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The Canadian border poses several issues state pharmacy boards will have to address, including R.Ph. licensure, Internet pharmacies, and cross border medication purchases.
State pharmacy boards are going to have to grapple with some thorny issues posed by their neighbors to the north, warned the executive director of the National Association of Boards of Pharmacy.
Whether Canadian pharmacists should be able to directly sit for the American licensure exam and what to do, if anything, about the movement of medications south across the border are regulatory issues that are going to have to be confronted, according to Carmen Catizone, NABP executive director. In his annual message at the recent NABP meeting in Phoenix, he urged board members to consider that pharmacy is an increasingly global profession that is being shaped by outside forces.
One such outside force is the pharmacist manpower shortage, which is directly tied to the issue of U.S. licensure for Canadian pharmacists. In response, some states have decided to eliminate many of the regulatory hoops foreign pharmacists must jump through to be licensed. While they would let Canadian graduates directly sit for the North American Pharmacy Licensure Examination (NAPLEX), there is still the additional question of whether the education those R.Ph.s receive measures up to American standards.
Pharmacy boards should be getting some guidance from NABP on the NAPLEX issue later this year, Catizone said. Discussions are under way with the American Council on Pharmaceutical Education and the National Association of Pharmacy Regulatory Authorities, which is NABP's Canadian counterpart.
"The only outcomes data we have is the NAPLEX," Catizone said. "Canadian pharmacists perform well, and their [pharmacy school] accreditation standards mirror current BS programs in the United States. So we're either going to say that we've evaluated it and advise the states that Canadian pharmacists can sit directly for the NAPLEX, or we'll advise them not to do it because the [educational] equivalency just isn't there."
Just as with the pharmacist shortage, border states are also feeling the most heat about medications coming from Canada. Senior citizens routinely make medication runs to scoop up drugs that are cheaper in Canada. Add to that the fact that Internet pharmacies based in Canada have caught on among Americans as a source of lower-priced drugs during the past year. So trying to regulate such cross-border practices poses a real dilemma for state pharmacy boards.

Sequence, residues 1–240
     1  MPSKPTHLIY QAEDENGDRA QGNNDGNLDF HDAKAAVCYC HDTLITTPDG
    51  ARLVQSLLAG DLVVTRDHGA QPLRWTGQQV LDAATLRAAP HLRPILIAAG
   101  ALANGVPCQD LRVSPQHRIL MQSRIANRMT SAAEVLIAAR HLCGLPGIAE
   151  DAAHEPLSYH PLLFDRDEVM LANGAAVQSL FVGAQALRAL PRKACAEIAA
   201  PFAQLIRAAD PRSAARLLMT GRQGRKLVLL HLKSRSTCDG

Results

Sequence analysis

Talk in Washington, D.C., of allowing drug reimportation from Canada and media attention to senior bus trips have some people wondering what all the fuss is about, since no one seems to be getting hurt. In fact, NABP and the Federation of State Medical Boards got the cold shoulder from federal regulators when they urged that dispensing Rxs on the sole basis of an Internet questionnaire be outlawed. This was during the recent anthrax scare that triggered an Internet run on Cipro.
"When we met with federal regulators, their response amidst the seriousness of the situation was perplexing," indicated Catizone. "Rather than taking a proactive stance and implementing regulatory strategies ... the response basically asked for us to show them the bodies."
That show-us-the-bodies attitude questions why there aren't casualties if it's so dangerous to ship medications in from Canada. That sentiment may call for a rethinking about how such practices are regulated, Catizone said. "Yes, it's illegal, but if it's illegal simply because the laws haven't caught up to the present situation, then we need to look at the laws," he said. "If it's not dangerous, then we should be changing the laws to make it possible and to make sure it's safe for patients."
In other action at the NABP meeting, the house of delegates approved resolutions to:
Support legislation recognizing pharmacists as healthcare providers and urge NABP members to make their elected officials aware of that support.
Encourage all pharmacy boards to promote education and ensure compliance with current practice standards for the preparation and administration of cytotoxic drugs for all institutions.
Support classification of carisoprodol as a Schedule IV controlled substance, and notify the Drug Enforcement Administration of that stance.
Encourage drug companies to supply medications, as appropriate, in standardized unit-of-use packages that are bar-coded to identify the product, and provide lot number and expiration date.
Support federal legislation providing assistance to pharmacy schools to increase enrollments, and urge state pharmacy board members to ask their representatives to vote for the bill.
Carol Ukens. Border issues a looming problem for profession, warns NABP.